You are on page 1of 29

Morning Report 1/14/19

Ted Tanner MD, MPH, MA
7-week-old male
• Presents to ED with concern for “breathing
pauses” and cyanosis in setting of a cough for
1.5 weeks
• Patient was having breathing pauses of 20-30
seconds this morning along with post-tusive
• Parents had to stimulate him several times
during these episodes
• Apneic/hypoxic episode in triage
HPI continued
• No recorded fevers
• Waking up to breastfeed every 2-3 hours, but
coughing so much that mom does not think he
is getting much milk
• 4 wet diapers in last 24h
• Urine appears more concentrated
• Older sister sick for 2 weeks, mom with
lingering cough
• Born 39wks, uncomplicated pregnancy and
delivery, no NICU, discharged home at 48h
with mom
• Exclusively breastfed
• Unimmunized, waiting to get first Hep B
• Siblings and parents healthy, all UTD on
• Lives with family, no smoke exposure, no
daycare, 3 yo sibling does not attend daycare
• Ranitidine started 1 week ago by PCP, NKDA
Apnea and Cough
• Differential
Infectious Other
• Mycoplasma • Foreign body aspiration
• Chlamydia • Asthma/ RAD
• TB • Allergic sinusitis
• B. pertussis • GER/GERD
• Aspiration pneumonia
• Viral pathogens:
• CF, primary ciliary dyskinesia
– Adeno
– Parainfluenza • Tracheomalcia and congenital
anomalies of upper airway
– Flu A/B
• Cysts and tumors
– Rhino
• Anemia
• Other metabolic disorders
• Seizures
Bordetella pertussis
• Gram- coccobacillus
• Can only survive few
hours in respiratory
secretions outside
human host
• Co-infection with other
pathogens (RSV, adeno,
etc.) may occur
• The disease is highly contagious. 80% of non-
immune will get infected when exposed
• Incubation period 1-3 weeks, typically 7-10 days
• Spread via respiratory droplets
• One study found 1/3 of exposed individuals
within households develop pertussis
– ½ of asymptomatic individuals had lab evidence
– Remainder had mild respiratory illness
– Asymptomatic infection is common and one can
transmit the infection to others!
• Most children catch the disease from adults
“The Cough of 100 Days”
Atypical presentations
• Infants < 4 months:
– Short or absent catarrhal phase where they may
appear relatively well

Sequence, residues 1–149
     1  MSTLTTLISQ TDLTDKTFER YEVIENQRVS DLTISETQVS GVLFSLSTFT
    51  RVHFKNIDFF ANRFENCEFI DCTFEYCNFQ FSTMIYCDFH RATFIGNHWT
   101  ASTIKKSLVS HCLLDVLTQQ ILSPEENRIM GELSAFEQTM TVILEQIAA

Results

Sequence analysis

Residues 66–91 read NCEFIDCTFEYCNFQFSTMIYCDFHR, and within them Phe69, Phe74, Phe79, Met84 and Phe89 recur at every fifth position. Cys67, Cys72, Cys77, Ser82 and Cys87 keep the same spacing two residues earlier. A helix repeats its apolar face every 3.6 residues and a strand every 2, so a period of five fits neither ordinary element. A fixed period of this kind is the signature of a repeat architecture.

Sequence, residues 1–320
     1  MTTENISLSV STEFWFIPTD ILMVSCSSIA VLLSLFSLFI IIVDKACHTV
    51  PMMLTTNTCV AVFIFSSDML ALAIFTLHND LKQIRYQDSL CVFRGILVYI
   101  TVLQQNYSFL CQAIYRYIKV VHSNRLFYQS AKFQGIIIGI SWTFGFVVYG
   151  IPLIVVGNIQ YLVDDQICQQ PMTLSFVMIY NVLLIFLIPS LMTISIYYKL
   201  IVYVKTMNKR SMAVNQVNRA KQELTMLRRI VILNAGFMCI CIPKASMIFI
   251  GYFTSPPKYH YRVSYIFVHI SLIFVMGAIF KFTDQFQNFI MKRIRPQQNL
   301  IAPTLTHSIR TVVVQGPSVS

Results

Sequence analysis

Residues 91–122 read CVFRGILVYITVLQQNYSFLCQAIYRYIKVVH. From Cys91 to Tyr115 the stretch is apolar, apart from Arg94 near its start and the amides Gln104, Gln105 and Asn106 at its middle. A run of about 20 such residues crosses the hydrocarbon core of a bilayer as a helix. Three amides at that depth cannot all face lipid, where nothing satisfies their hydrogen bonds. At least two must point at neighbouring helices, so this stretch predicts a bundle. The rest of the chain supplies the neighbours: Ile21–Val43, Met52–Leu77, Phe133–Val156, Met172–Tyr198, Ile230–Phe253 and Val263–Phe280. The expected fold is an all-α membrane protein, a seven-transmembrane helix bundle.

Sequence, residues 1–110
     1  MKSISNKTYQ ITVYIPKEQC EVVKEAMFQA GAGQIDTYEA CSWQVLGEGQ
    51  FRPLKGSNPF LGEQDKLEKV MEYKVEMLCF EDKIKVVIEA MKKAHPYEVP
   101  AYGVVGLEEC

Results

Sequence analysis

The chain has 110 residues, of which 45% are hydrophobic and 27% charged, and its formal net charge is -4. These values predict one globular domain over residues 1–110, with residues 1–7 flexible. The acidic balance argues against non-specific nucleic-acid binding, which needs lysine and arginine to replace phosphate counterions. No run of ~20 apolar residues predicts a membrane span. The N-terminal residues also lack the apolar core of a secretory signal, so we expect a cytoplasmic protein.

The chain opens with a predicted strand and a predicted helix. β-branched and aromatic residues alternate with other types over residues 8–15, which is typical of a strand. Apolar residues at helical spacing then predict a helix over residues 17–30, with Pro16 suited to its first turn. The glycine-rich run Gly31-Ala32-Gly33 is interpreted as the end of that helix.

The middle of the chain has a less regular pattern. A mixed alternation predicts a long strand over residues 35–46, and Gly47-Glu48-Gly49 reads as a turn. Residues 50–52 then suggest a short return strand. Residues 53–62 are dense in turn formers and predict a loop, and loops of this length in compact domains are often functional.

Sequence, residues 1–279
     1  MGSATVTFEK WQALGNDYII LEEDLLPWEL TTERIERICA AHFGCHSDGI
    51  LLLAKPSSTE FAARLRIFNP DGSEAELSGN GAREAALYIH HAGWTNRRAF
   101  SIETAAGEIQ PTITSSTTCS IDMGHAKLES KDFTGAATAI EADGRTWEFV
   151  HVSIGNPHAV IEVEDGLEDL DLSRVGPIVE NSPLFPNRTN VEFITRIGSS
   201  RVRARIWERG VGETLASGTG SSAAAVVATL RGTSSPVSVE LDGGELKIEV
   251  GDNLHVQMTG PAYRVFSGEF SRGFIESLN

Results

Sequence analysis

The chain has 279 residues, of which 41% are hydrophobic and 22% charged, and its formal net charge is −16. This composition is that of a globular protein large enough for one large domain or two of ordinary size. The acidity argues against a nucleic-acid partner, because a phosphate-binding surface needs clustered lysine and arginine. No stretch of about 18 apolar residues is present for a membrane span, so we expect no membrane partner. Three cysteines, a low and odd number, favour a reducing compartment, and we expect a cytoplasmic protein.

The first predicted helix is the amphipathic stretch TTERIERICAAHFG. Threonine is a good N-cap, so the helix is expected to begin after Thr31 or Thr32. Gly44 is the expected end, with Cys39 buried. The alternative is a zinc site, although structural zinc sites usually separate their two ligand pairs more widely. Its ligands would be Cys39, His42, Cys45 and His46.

– A paroxysmal stage with gagging, gasping, apnea,
bradycardia, cyanosis
– Complications include apnea, seizures, respiratory
failure, pneumonia, pulmonary HTN, shock, renal
failure, death
Atypical presentations
• Vaccinated children:
– Symptoms less severe, shorter hospital stays, less
• Older children and adolescents
– Asymptomatic or mild cough/URI-type illness
– Wheezing
• Apnea often in those less than 6 months
• Rib fractures and hernias
• Pneumonia
• Seizures and encephalopathy
• Death
– Case fatality rate is 1% in infants <6 months
National Notifiable Diseases Surveillance System (NNDSS)

• Hospitalization all infants <4 mo
• Isolation
• No proven benefit of bronchodilators,
corticosteroids, antihistamines, and
antitussive agents
• Antibiotics
Work-up findings
• Absolute lymphocyte count often >/= 10,000
• Degree of leukocytosis is associated with
disease severity
– 60,000= pneumonia or pulm HTN
• CXR may be normal or show nonspecific
perihilar infiltrates
• PCR or culture
Antimicrobial therapy
• Top choice is azithromycin
• Caution regarding idiopathic hypertrophic
pyloric stenosis in infants
• Alternatives: the other macrolides or bactrim
Postexposure Prophylaxis
• All household and close contacts of index case
• High risk individuals (pregnant,
immunodeficient, persons who have contact
with infants, persons with chronic medical
• Effective when initiated within 21 days of the
onset of cough
• DTaP • Tdap
– 2/4/6 months – Booster between 11-12
– 15-18 months yrs
– 4-6 years – Pregnant women in 3rd
trimester of every
– Adults 1 dose every 10
Efficacy and Effectiveness
• The efficacy is approximately 85% in
preventing typical pertussis (95% for diptheria
and tetanus)
• Effectiveness demonstrated by marked decline
in cases since vaccine introduction in 1940s
• In one large study 5 doses of Dtap was
associated with decreased risk of pertussis
and estimated vaccine effectiveness of 89%
• Protection after an infection is not life-long
Vaccine Risks
• Pain, redness, swelling (more common after 4th)
• Mild fever
• Fussiness, fatigue, lack of appetite
• Nausea, vomiting, diarrhea
• Extensive swelling of limb (3 in 100)
• Severe reactions (1 in 10,000)
– Fever >105
– Febrile seizures
– Inconsolable crying
– Hypotonic-hyporesponsive syndrome = child is listless
and lethargic with poor muscle tone for several hours
Contraindications and Precautions
• Do not give in patients who have had a severe
allergic reaction or to a person with a severe
allergy to any of the vaccine components
• Use precaution in:
– Those who have had a moderate or severe acute
illness with or without fever
– Guillain-Barre within 6 wks after a previous dose
of tetanus toxoid-containing vaccine
– A history of Arthus-type hypersensitivity reaction
Protecting Infants
• “Borrowed” Immunity- from the mom getting
the vaccine between 27-36 wks gestation,
antibodies cross placenta
• “Cocooning”- family members and those close
to the baby getting vaccinated
Children’s Hospital of Philadelphia
Vaccine Education Center